By: Eric Svenson
The Wizard of Oz was a cinematic breakthrough when it was released in 1939. It became cinematic because of many different new ideas and technologies spliced together into one film. When Frank L. Baum wrote the book “The Wonderful Wizard of Oz” in 1900 he had no idea of what a success it would become in the motion picture industry. The remainder of this paper will touch on some of the key points that made The Wizard of Oz a cinematic breakthrough and a major success for its time.
The first thing that made the Wizard of Oz a cinematic success was the main characters. The Scarecrow, Tin man, Lion, Wizard, and Dorothy are all likeable characters in the film. Everyone can relate to one of them and feels a bond with them and their struggles. We all face these struggles in our lives such as; not smart, no heart, scared, a feeling of power, and a feeling of being lost and insecure. With our own lives, we too have the same uncertainties as these characters do. As the movie progresses we learn that they do have the powers that they believe that they are failing at. This helps us to realize through the movie that we can overcome our fears and weaknesses the same as our heroes do.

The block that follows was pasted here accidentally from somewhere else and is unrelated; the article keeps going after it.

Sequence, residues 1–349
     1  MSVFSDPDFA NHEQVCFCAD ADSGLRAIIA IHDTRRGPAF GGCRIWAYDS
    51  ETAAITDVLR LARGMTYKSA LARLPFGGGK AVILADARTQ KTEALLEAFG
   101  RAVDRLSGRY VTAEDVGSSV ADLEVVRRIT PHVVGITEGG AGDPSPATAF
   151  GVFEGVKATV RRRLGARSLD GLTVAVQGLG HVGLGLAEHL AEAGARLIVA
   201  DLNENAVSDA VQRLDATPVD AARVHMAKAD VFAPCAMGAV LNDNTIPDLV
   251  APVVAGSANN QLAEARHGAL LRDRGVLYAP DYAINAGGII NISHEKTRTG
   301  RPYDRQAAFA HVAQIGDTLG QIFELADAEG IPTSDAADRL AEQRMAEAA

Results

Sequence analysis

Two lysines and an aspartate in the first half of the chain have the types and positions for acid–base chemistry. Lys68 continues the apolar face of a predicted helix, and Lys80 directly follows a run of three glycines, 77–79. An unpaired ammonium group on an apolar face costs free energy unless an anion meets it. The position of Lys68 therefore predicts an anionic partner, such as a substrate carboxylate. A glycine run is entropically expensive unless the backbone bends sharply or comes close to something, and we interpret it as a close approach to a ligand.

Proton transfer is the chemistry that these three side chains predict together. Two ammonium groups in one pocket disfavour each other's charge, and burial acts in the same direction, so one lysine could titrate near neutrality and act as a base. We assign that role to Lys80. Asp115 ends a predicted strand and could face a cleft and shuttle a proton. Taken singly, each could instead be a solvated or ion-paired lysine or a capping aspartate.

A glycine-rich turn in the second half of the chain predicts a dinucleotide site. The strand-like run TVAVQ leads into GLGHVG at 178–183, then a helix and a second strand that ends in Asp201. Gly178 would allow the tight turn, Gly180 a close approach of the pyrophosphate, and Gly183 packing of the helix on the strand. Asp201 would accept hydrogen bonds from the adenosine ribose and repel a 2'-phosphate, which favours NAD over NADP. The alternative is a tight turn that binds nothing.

Of course, there's more going on in Oz than just that. At the heart of the story is a major theme that speaks to children and adults in similar, but different, ways. Dorothy's dream is to travel to a far off land, but, when she finds herself there, all she wants is to go home. Home to a place where she feels secure, loved, and warm. This is a dilemma that all children face, the desire to leave home balanced by the overpowering urge for the comfortable and familiar. As adults, we can watch The Wizard of Oz and fondly remember our own trials and tribulations from childhood to adulthood and how in many ways, it mirrors the journey that Dorothy is undertaking.
The second item that made this movie a cinematic success was...